Commentary by Dr. Valentin Fuster
J. Energy Resour. Technol. 1984;106(4):533-538. doi:10.1115/1.3231119.

For burying submarine cables under a seabed by a water jet cable burier, it is important to improve digging depth of water jet. This paper discusses digging properties with air-bubble water jet, and clarifies the relation between digging depth and water jet parameters such as traverse speed of nozzle V n (m/s), air content ratio C , and jet momentum per unit time M (N). It is found from experiment results that the digging depth H* (m) is represented by

H* = (1 + 0.26C0.65) (10.31 − 4.54Vn)

Commentary by Dr. Valentin Fuster

RESEARCH PAPERS: Rock Mechanics/Drilling Mechanics

J. Energy Resour. Technol. 1984;106(4):539-542. doi:10.1115/1.3231120.

Exact solutions associated with the problem of a compressible or an incompressible fluid displacing a compressible reservoir fluid are derived. Simplified forms for the fluid leak-off coefficients, available in the literature, are deduced as special cases. Nondimensionalized expressions suitable for parameter sensitivity calculations and assumption validation are also presented.

Commentary by Dr. Valentin Fuster
J. Energy Resour. Technol. 1984;106(4):543-553. doi:10.1115/1.3231121.

This is Part II of a two-part paper which reviews in depth the modeling of the propagation of large hydraulic fractures in underground rock formations. Based on experimental observations reviewed in Part I the need for models of the growth of general-shaped planar hydraulic fractures has been demonstrated. Part II contains reviews of both coupled fluid/solid three-dimensional fracture models and some more basic two and three-dimensional problems in linear elastic fracture mechanics applicable to the growth of fractures in the vicinity of in-situ discontinuities (interfaces) in rock-type and/or tectonic stress. The latter is referred to as the vertical growth problem since hydraulic fractures are quite often oriented vertically with respect to horizontal layering or stratification. The state of current research in both overall modeling and basic vertical growth studies is assessed and recommendations for future research are made.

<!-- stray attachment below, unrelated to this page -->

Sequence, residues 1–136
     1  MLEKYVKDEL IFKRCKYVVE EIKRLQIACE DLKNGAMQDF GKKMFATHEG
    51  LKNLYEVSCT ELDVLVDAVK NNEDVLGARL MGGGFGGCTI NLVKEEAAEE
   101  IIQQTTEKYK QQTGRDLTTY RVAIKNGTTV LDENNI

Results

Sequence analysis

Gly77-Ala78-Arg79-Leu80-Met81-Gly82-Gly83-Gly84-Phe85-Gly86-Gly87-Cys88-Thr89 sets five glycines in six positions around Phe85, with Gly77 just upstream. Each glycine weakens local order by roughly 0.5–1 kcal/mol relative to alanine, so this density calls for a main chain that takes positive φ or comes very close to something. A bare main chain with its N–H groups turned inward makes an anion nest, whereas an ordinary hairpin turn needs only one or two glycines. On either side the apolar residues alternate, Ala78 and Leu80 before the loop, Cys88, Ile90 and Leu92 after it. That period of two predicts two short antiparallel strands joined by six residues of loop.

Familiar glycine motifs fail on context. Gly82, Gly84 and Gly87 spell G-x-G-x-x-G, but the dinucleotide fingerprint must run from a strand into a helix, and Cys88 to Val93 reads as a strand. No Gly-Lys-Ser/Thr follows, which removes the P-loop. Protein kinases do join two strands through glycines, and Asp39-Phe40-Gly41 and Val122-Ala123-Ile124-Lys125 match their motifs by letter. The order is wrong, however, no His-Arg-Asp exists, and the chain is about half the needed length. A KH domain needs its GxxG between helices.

Commentary by Dr. Valentin Fuster
J. Energy Resour. Technol. 1984;106(4):554-561. doi:10.1115/1.3231122.

A mathematical formulation has been developed for calculating the cross-sectional shape of hydraulic fractures. This formulation treats the problem as a free-boundary-type problem and is modeled after mathematical formulations developed for contact and lubrication problems. Numerical solution of the resulting equations has been used to address problems involving particularly difficult in-situ stress distributions, including problems in which the fracture breaks through high-stress barriers. The technique is illustrated on two example problems.

Commentary by Dr. Valentin Fuster